The ACDS has made a submission to the HE Reform Package – Job-Ready Graduates.
The ACDS submission calls for a Senate committee to investigate the impact of the Job-ready Graduates package on STEM teaching and research in Australia’s universities.
Response to Job-ready Graduates Package(August 17, 2020)
The Australian Council of Deans of Science (ACDS), constituted in 1995, represents the executive leadership of Australia’s university science faculties and schools.
We call for a Senate committee to investigate the impact of the Job-ready Graduates package on STEM teaching and research in Australia’s universities. The legislation for the package should not be passed prior to this impact being properly understood and addressed.
The Job-ready Graduates package proposes changes in government and student contributions to cover the costs of teaching Science and Engineering. The impact of this will be a 17.6% net reduction in funds per student.
For many Universities this will result in an immediate and material cut in funds available to deliver STEM teaching. The consequence of this will be significant and permanent damage to the quality of University STEM teaching, the student experience and graduate attributes.
For other universities the baseline cost-of-teaching may be covered, however the proposed changes will destroy their capacity to provide extension experiences that prepare graduates for a successful career and not just for the first job. These include research-informed teaching and research skills training, which are provided by our researchers and research students. and are essential to producing graduates who will ensure that our industries are at the forefront on innovation.
The Job ready package is predicated on teaching and research being separate and unrelated activities. This approach is flawed as teaching and research are intertwined and interdependent. High quality teaching is informed by research, high quality research is informed by teaching, and research is dependent on research training. This is what separates a University education from vocational training and is at the heart of the future success of Australia.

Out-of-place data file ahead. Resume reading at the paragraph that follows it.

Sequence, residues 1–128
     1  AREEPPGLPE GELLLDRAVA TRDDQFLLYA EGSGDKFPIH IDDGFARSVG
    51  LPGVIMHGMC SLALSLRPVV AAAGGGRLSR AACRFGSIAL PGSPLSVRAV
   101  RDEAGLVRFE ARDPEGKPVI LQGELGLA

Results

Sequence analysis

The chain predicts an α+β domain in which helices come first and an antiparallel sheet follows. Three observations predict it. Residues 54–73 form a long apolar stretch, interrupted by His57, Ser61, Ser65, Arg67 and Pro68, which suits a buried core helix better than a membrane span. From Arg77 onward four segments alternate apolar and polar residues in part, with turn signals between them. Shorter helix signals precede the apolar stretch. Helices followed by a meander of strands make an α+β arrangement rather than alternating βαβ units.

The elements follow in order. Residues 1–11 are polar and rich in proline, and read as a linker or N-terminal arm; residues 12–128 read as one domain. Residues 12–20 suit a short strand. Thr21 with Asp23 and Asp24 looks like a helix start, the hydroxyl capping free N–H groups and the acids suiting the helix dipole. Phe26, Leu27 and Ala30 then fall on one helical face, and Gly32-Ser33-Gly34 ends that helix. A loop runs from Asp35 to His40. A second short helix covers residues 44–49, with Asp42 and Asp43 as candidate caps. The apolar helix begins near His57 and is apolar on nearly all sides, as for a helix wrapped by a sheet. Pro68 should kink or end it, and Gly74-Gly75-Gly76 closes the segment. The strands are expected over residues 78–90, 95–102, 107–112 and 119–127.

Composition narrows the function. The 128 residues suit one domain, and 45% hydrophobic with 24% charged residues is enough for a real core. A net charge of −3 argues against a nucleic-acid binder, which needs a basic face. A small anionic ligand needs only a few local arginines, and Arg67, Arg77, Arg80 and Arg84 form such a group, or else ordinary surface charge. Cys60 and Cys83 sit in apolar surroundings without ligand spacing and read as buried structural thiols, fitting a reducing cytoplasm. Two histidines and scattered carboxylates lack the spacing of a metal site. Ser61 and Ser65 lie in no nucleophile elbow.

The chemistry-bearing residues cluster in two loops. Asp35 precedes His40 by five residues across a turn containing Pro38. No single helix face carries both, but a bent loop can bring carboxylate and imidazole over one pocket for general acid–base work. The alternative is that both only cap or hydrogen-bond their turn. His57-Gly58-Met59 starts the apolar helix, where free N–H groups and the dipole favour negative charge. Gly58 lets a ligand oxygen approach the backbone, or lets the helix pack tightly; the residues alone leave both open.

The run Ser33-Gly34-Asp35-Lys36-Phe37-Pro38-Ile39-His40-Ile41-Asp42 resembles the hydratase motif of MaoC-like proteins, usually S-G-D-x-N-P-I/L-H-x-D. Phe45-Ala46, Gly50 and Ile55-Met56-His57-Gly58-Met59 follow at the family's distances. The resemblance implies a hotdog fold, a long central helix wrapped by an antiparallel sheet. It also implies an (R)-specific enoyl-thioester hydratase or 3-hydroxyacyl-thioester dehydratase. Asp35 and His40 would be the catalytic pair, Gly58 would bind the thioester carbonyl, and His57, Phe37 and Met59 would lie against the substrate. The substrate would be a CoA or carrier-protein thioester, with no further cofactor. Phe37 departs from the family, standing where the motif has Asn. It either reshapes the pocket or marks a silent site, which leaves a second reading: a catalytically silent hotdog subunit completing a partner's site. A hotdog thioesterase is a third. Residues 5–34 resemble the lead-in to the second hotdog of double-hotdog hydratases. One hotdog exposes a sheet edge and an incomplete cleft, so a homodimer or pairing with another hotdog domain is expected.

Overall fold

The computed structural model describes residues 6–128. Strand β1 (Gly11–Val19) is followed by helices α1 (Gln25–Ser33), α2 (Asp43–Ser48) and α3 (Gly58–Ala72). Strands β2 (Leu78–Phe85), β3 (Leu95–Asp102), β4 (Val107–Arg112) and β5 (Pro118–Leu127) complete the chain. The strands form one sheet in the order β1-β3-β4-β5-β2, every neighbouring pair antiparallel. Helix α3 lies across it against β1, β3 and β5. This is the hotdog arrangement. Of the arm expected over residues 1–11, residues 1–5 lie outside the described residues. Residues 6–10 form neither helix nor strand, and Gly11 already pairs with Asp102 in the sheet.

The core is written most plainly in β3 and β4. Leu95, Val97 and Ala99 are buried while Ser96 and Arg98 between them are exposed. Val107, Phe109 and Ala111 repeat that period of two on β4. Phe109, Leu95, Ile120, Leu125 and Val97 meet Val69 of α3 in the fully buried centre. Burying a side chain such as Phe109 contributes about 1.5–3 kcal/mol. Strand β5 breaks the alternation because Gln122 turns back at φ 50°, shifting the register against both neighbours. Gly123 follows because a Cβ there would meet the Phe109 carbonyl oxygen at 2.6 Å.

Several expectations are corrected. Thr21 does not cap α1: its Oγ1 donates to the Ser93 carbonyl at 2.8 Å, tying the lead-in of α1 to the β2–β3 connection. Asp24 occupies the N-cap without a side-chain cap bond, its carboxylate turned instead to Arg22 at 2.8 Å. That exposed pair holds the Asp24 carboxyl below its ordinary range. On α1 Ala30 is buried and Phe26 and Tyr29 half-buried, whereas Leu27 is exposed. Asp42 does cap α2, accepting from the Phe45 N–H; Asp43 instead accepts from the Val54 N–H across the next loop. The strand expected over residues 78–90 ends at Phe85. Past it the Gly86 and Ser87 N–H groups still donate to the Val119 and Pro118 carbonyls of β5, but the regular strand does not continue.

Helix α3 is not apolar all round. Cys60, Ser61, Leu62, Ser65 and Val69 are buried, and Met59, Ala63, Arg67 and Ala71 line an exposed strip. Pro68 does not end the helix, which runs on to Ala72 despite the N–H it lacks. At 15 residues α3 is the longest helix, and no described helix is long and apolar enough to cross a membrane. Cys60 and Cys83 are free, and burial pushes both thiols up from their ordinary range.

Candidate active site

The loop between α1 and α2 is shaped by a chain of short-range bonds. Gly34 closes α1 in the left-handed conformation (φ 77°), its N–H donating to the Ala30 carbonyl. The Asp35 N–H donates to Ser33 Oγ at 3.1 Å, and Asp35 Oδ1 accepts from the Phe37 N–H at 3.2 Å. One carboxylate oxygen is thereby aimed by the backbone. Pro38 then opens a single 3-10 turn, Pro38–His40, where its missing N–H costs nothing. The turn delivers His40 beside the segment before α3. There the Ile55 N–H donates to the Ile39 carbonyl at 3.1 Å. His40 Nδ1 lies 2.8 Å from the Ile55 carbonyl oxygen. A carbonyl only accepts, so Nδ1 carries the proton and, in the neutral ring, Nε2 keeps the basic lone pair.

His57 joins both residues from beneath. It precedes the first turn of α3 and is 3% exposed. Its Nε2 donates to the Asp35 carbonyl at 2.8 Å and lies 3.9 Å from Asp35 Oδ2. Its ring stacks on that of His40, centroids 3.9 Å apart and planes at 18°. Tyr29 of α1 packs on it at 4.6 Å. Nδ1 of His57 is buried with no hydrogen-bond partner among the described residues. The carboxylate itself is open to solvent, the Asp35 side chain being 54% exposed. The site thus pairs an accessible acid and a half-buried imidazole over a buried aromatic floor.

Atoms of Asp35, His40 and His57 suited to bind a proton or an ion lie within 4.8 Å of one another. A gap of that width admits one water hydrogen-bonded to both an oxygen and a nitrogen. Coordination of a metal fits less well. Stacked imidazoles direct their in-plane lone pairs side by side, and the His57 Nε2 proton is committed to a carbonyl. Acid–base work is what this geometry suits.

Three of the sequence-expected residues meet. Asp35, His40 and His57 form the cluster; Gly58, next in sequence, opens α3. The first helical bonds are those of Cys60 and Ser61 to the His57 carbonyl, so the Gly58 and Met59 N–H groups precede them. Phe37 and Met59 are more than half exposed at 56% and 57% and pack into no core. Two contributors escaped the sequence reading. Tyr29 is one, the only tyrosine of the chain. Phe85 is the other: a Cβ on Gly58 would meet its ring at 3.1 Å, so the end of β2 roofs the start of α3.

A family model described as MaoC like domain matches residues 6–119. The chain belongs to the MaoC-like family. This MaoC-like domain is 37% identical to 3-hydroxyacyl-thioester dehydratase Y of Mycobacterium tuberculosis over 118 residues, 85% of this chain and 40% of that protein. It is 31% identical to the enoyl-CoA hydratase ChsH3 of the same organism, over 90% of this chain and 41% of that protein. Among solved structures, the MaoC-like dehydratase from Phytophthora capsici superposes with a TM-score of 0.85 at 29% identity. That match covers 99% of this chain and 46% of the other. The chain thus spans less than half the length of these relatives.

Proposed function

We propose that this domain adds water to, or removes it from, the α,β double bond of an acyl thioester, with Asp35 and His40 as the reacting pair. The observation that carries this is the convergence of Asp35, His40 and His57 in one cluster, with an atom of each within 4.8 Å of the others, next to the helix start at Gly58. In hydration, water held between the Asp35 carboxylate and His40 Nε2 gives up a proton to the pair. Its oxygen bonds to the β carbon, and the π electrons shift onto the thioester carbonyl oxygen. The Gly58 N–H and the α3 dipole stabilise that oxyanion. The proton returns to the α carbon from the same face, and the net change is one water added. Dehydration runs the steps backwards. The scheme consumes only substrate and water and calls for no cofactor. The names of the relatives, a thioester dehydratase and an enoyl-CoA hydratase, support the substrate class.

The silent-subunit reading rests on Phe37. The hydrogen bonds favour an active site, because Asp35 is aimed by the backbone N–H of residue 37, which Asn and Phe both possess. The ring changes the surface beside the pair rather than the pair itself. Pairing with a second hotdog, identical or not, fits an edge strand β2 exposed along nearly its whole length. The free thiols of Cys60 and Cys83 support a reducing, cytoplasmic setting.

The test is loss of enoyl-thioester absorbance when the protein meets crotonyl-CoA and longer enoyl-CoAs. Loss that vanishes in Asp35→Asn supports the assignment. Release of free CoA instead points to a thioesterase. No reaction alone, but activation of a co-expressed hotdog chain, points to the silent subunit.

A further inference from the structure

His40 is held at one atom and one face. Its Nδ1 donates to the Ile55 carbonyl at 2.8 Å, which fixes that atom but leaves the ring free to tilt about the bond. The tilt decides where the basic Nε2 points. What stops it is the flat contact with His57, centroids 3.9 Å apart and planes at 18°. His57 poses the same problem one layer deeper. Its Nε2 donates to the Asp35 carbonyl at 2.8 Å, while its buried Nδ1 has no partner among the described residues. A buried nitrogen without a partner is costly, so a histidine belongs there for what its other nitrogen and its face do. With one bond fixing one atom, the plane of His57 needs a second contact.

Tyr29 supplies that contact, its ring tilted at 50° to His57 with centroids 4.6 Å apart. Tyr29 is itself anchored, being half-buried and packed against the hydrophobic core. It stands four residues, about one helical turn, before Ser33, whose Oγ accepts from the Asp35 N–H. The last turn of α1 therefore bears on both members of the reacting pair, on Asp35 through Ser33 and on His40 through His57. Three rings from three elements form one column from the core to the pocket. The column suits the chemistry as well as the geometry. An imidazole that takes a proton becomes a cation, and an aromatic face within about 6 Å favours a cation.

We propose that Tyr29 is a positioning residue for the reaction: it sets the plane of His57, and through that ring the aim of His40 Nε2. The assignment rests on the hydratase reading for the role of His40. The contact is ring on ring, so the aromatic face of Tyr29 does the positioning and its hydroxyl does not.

The more significant consequence of these funding cuts, particularly given the simultaneous deficit of income from international students, is a crippling loss in research capacity in Australian Universities.
Indeed, it has been estimated that the gap in funding needed to maintain our current research will be multiple billions of dollars. This funding is essential for fully funding research and research training, and even a brief gap in such support will reverberate for decades as we lose talented staff and students from the sector and therefore lose momentum.
As our Universities undertake more than 40% of applied research and most fundamental research, this circumstance places Australian at significant risk. How can we better prepare for and manage bushfires, mediate the effects of climate change and protect our communities from emerging infectious diseases such as COVID-19 without fully funded research?
At present research grants cover most of the direct costs of projects, however government support for the indirect costs covers only 30-50% of the actual costs, with the remainder being borne by Universities. These costs include critical infrastructure, equipment, power, IT services, libraries, business operations, student projects, and more.
With no source of funding to cover the indirect costs of research, they are currently subsidized, by necessity, using a proportion of domestic and international student fee income. The return to students is access to world-class research and researchers that enrich their educational experience and prepare them to make significant contributions to the community.
We understand that a Research Sustainability committee has been established to investigate research funding. Its deliberations are not targeted at producing a new funding model any time soon. The gap between implementing this proposal and properly funding research will have immediate impacts on losing highly trained staff and reducing the outcomes and impact of funded research projects. It makes no sense to tear down existing mechanisms for funding research before new ones are put in place. You don’t demolish your home first and then consult an architect about building a new one, unless you have somewhere else to live. No alternative dwelling for research funding has been identified.
We also understand that some of the funds lost will be returned for a National Priorities and Linkage Fund (NPLF) that will deliver $225m per year among 40 or so universities. At less than $6m per year per university that will hardly make up for the research and research translation activity that will be lost.
We urge the government to delay considering this bill until a comprehensive analysis of the impact of these changes in Australian research has been completed and that a plan to sustain this has been developed and implemented.